Tuesday, March 31, 2009

State Education Mandates - Part 10

From time to time, particular around the budget period, reference is generally made to Franklin Public Schools having to support "unfunded mandates." I managed to find a listing of such compiled by the Massachusetts Association of School Committees. This is part 10 of the series:

According to the MA DOE website an explanation of SIMS and EPIMS can be found here:


The state requires that each district have software in place that will allow districts to report data on all students and staff in a format that is compatible with the state databases. This process has been very time-consuming and costly to districts for training and updates.

With EPIMS, the labor and technology costs of providing the information to DESE are significant. Many hours are required to collect and verify information, upload it to DESE, and continually review to ensure accuracy. Administrative costs are incurred to complete the Teacher Quality Improvement Plan (TQIP) and update information. In addition, significant time is consumed by communicating with teachers and administrators to ensure validity of reporting.

With respect to SIMS, it must be recognized the reporting requirements consume significant secretarial hours and require extensive technology fund investment in terms of hardware (administrative computers) and reporting systems (student software programs). There are multiple reports required during the course of the school year.

Reporting & Auditing

The school district must provide timely reports to the state throughout the year. There is a financial end-of-year report that takes a great deal of time to prepare. An outside auditing firm must audit this report each year.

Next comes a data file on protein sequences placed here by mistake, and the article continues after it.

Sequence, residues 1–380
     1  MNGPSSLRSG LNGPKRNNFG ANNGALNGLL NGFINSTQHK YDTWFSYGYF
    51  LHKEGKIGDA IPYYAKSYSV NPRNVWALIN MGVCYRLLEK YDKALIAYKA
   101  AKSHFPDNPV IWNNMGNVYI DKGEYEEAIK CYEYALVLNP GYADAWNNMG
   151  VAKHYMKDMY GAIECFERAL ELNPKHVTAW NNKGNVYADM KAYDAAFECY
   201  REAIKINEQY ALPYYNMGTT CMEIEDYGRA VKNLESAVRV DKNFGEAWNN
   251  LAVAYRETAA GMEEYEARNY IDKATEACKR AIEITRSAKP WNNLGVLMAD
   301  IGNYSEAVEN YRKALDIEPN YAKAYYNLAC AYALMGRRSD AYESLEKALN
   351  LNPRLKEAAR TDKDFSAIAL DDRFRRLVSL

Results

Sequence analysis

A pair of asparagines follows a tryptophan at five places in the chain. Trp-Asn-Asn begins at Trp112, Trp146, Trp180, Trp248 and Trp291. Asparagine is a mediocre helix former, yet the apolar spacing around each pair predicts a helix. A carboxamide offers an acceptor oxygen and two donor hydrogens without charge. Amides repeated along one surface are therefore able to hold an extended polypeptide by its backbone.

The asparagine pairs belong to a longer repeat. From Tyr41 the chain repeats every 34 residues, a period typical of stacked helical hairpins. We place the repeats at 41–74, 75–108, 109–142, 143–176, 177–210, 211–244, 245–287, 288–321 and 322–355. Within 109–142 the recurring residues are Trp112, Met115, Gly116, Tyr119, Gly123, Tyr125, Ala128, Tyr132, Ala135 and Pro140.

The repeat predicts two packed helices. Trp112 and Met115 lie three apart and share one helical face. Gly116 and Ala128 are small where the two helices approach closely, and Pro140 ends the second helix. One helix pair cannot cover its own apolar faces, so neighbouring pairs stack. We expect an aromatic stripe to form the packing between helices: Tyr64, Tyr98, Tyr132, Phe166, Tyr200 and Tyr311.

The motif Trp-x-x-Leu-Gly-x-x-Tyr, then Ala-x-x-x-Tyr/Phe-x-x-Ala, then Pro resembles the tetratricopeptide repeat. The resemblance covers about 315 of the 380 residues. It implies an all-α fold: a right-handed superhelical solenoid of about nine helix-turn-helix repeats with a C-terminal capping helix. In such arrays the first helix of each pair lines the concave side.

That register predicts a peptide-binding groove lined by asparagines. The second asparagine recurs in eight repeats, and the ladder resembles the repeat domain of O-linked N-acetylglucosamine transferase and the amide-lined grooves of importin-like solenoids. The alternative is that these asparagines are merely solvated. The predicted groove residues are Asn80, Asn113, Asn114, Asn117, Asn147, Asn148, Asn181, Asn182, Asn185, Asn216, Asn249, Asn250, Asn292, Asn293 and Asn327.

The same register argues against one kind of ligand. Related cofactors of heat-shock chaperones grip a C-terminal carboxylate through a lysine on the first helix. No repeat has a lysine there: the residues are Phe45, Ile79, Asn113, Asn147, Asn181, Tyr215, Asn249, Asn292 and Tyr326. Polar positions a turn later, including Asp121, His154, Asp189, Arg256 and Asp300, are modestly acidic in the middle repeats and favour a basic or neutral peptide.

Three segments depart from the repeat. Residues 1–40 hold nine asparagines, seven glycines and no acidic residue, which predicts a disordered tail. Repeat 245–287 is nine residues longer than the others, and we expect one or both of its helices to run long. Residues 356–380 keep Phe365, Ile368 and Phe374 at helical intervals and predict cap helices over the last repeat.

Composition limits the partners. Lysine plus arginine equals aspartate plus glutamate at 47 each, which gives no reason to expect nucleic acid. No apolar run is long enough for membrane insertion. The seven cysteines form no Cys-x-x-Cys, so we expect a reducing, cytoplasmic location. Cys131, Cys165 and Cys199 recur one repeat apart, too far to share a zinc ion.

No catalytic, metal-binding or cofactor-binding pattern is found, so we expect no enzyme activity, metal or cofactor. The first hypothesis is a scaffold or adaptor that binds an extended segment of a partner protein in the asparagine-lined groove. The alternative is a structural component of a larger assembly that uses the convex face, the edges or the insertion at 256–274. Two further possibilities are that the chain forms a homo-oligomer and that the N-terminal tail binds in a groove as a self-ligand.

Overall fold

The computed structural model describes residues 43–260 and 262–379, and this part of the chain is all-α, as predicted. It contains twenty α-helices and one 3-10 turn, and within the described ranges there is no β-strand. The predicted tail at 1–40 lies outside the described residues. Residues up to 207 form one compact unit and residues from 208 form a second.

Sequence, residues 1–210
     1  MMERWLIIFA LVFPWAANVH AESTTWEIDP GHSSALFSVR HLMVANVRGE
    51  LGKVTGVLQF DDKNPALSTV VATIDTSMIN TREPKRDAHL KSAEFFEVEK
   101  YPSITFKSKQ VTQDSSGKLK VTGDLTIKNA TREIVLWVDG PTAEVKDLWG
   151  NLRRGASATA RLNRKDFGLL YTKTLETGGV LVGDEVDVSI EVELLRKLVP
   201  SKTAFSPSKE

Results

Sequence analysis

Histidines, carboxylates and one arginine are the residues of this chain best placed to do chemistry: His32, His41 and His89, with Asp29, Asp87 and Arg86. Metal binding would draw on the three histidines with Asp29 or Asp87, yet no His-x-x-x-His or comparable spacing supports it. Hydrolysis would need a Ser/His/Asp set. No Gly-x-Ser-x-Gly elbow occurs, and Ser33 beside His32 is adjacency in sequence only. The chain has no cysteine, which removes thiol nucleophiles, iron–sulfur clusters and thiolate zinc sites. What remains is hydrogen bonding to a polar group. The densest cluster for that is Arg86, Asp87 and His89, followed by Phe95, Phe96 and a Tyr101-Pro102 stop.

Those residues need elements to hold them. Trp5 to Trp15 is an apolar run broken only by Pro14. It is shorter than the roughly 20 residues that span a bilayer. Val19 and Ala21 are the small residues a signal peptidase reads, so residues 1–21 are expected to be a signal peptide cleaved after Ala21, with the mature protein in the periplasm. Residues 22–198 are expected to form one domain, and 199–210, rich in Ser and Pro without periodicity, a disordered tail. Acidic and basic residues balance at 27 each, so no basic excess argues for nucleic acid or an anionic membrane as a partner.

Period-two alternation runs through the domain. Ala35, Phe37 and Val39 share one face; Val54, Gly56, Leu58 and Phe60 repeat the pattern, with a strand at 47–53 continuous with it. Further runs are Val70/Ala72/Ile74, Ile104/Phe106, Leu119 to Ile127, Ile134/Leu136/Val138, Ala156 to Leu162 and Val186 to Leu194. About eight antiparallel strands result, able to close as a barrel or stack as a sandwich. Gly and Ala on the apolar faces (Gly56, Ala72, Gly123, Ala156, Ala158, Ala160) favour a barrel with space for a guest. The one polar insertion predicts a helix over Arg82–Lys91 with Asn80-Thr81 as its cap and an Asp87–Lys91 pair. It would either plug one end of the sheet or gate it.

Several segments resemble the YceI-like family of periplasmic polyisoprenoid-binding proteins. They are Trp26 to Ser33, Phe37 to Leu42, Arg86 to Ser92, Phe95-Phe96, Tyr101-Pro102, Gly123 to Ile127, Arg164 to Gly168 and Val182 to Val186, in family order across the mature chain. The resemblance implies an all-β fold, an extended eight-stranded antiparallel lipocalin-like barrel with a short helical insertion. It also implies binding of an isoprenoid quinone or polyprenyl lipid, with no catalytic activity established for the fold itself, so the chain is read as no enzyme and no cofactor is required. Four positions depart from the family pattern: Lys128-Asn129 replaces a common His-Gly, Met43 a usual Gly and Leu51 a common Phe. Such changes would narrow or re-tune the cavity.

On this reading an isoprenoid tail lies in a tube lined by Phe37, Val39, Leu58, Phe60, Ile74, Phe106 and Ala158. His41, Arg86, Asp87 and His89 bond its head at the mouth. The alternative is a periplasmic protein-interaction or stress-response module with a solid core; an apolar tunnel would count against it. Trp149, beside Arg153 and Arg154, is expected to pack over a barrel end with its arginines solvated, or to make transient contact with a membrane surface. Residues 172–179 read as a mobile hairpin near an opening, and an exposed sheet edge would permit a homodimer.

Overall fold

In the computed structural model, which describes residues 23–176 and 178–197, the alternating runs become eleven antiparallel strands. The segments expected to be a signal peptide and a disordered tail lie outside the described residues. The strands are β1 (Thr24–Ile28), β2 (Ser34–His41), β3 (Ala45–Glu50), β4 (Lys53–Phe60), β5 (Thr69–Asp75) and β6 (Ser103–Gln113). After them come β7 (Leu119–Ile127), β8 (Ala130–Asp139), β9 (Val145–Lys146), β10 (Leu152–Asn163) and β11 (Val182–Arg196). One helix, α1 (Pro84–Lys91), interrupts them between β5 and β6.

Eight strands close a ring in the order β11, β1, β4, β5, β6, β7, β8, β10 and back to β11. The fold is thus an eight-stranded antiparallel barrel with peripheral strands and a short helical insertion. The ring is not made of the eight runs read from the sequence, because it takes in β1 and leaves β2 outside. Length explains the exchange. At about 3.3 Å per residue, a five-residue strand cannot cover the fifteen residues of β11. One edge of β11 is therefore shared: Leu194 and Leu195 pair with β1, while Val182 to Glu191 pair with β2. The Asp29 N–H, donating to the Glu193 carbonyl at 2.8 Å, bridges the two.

Student Activity Accounts

In a town it is required that these funds be kept in accounts under control of the Town Treasurer. The funds are deposited in an agency fund. Each school has a checkbook that allows the school to keep a small amount of cash to pay bills as needed. The checking accounts are reimbursed through a system that requires them to complete a form for reimbursement and attach the documentation. This is sent to the Business Office for verification and then sent to the Treasurer’s Office. These accounts must have a minimum of an internal audit yearly and an audit from an outside firm every three years. The town auditors perform a yearly audit on these accounts. Although this allows for more accountability, it adds a great deal of time to the workload of existing staff to monitor and process the transactions.

The full listing is available here (DOC)

No comments:

Post a Comment